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What are the consequences of sin?

consequences of sin

Question: "What are the consequences of sin?"

Answer:
The ultimate—and severest—consequence of sin is death. The Bible says that “the wages of sin is death” (Romans 6:23). This not only refers to physical death, but to eternal separation from God in hell: “But your iniquities have separated you from your God; your sins have hidden His face from you, so that He will not hear” (Isaiah 59:2). This is the foremost consequence of man’s rebellion against God.

Yet many want to believe that God is so “loving” that He will overlook our “little faults,” “lapses” and “indiscretions.” Little white lies, cheating on the tax return, taking that pen when no one is looking, or secretly viewing pornography—these are peccadillos, not worthy of death, right? The problem is, sin is sin, big or small. Though God loves us, His holiness is such that He cannot live with evil. The prophet Habakkuk describes God this way: “Your eyes are too pure to look on evil; you cannot tolerate wrong” (Habakkuk 1:13). God does not ignore our sin. On the contrary, “you may be sure that your sin will find you out” (Numbers 32:23). Even those secret sins we hide in the recesses of our hearts will one day be brought to light: “Nothing in all creation is hidden from God's sight. Everything is uncovered and laid bare before the eyes of Him to whom we must give account” (Hebrews 4:13).

Paul made it abundantly clear that sin has consequences: “Do not be deceived: God cannot be mocked. A man reaps what he sows” (Galatians 6:7). Paul then describes the end of those who indulge in sinful behavior: “The one who sows to please his sinful nature, from that nature will reap destruction” (Galatians 6:8). The phrase “sinful nature” refers to one’s unregenerate, shameless self. Though the sin nature may promise fulfillment, it can result in nothing but “destruction.”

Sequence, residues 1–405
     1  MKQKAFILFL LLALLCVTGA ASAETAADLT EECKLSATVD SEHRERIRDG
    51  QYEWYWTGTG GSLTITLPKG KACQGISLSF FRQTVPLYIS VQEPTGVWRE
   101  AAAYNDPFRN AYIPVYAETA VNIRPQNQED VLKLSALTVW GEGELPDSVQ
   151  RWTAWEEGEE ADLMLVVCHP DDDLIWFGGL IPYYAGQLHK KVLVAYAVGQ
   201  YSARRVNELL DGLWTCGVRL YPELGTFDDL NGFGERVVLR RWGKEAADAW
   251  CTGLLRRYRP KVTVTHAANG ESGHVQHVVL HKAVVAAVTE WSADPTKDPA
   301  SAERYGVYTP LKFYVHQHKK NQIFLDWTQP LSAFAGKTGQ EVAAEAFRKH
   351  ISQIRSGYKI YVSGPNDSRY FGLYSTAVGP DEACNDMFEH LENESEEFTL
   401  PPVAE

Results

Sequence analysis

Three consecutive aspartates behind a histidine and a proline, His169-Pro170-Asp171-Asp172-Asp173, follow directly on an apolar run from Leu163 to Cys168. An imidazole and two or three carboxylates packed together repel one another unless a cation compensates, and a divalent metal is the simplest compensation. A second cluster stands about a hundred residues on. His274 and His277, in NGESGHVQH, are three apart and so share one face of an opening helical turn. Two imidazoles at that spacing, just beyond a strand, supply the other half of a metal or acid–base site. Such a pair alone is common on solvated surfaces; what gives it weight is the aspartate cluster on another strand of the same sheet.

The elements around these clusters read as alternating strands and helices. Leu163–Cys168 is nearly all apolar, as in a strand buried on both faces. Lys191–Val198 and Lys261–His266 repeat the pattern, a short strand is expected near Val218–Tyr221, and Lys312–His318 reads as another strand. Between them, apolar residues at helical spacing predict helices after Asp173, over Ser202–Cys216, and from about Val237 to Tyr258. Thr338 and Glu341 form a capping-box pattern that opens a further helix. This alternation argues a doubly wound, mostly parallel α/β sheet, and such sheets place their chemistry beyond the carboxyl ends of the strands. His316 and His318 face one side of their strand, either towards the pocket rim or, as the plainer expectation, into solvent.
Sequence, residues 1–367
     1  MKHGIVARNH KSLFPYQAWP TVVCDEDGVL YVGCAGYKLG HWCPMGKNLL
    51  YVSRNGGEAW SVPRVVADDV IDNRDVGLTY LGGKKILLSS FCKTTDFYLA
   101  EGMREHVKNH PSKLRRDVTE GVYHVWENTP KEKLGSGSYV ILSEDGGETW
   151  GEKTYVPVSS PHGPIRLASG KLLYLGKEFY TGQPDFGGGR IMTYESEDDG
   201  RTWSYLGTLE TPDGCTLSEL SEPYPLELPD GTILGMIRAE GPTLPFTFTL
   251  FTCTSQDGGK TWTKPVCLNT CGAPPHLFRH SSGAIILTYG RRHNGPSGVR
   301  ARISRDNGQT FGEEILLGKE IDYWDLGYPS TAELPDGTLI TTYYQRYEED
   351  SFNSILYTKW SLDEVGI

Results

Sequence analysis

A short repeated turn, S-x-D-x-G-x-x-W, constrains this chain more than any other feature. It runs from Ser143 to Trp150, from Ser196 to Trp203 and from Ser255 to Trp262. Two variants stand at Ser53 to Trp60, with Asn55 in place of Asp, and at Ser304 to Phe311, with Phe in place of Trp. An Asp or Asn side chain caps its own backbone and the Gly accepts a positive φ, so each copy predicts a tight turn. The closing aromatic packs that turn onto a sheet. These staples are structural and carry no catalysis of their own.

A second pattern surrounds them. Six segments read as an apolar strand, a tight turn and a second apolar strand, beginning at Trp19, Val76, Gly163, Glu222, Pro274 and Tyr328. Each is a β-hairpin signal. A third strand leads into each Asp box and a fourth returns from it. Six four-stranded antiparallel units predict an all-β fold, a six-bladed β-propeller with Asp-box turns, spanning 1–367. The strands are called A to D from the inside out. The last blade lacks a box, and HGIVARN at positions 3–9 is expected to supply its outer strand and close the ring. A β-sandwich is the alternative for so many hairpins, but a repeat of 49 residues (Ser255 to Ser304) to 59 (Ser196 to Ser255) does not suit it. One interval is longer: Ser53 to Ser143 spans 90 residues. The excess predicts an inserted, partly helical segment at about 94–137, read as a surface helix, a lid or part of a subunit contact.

Paul told the believers in Galatia that “the sinful nature desires what is contrary to the Spirit, and the Spirit what is contrary to the sinful nature. They are in conflict with each other . . .” (Galatians 5:17). Then he lists the sordid works of the sin nature and specifies the ultimate consequence of such behavior: “Those who live like this will not inherit the kingdom of God” (see Galatians 5:19-21). Those who live in debauchery and sin sow the seeds of destruction in their present-day life and forfeit any hope of eternal life.

The Bible describes those who choose to indulge in sin as being “darkened in their understanding and separated from the life of God because of the ignorance that is in them due to the hardening of their hearts. Having lost all sensitivity, they have given themselves over to sensuality so as to indulge in every kind of impurity, with a continual lust for more” (Ephesians 4:18-19). One of the consequences of sin, therefore, is more sin. There’s an insatiable “lust for more,” attended by a dulling of the conscience and a blindness to spiritual truth (1 Corinthians 2:14).

The consequence of suppressing the truth is that God gives the sinner over to “the sinful desires of their hearts,” “shameful lusts” and “a depraved mind” (Romans 1:24, 26, 28). This means that God may allow the sinner to serve as his own god and to reap the destruction of his body and soul. It is a fearful thing to be “given over” to our own destructive ways.

God has made it clear that “the soul who sins will die” (Ezekiel 18:4, NASB). Those who habitually live their lives outside of Christ, yet whose hearts have been convicted by the gospel of Christ, should follow the example of the first converts of the church: “They were cut to the heart and said to Peter and the other apostles, ‘Brothers, what shall we do?’” The answer was simple yet profound: “Repent!” (Acts 2:37-38).

Jesus’ first words when He began His ministry were, “The time has come. The kingdom of God is near. Repent and believe the good news!” (Mark 1:15). What is the good news? “For God so loved the world that He gave His one and only Son, that whoever believes in Him shall not perish but have eternal life” (John 3:16).

The consequence of sin is death, but “the gift of God is eternal life in Christ Jesus our Lord” (Romans 6:23).

Recommended Resources: Overcoming Sin and Temptation by John Owen and Logos Bible Software.



Related Topics:

What is the definition of sin?

If Jesus paid the price for our sin, why do we still suffer the consequences of our sin?

Does God view unintentional sin differently?

How can I overcome sin in my Christian life?

What does the Bible say about sowing and reaping?



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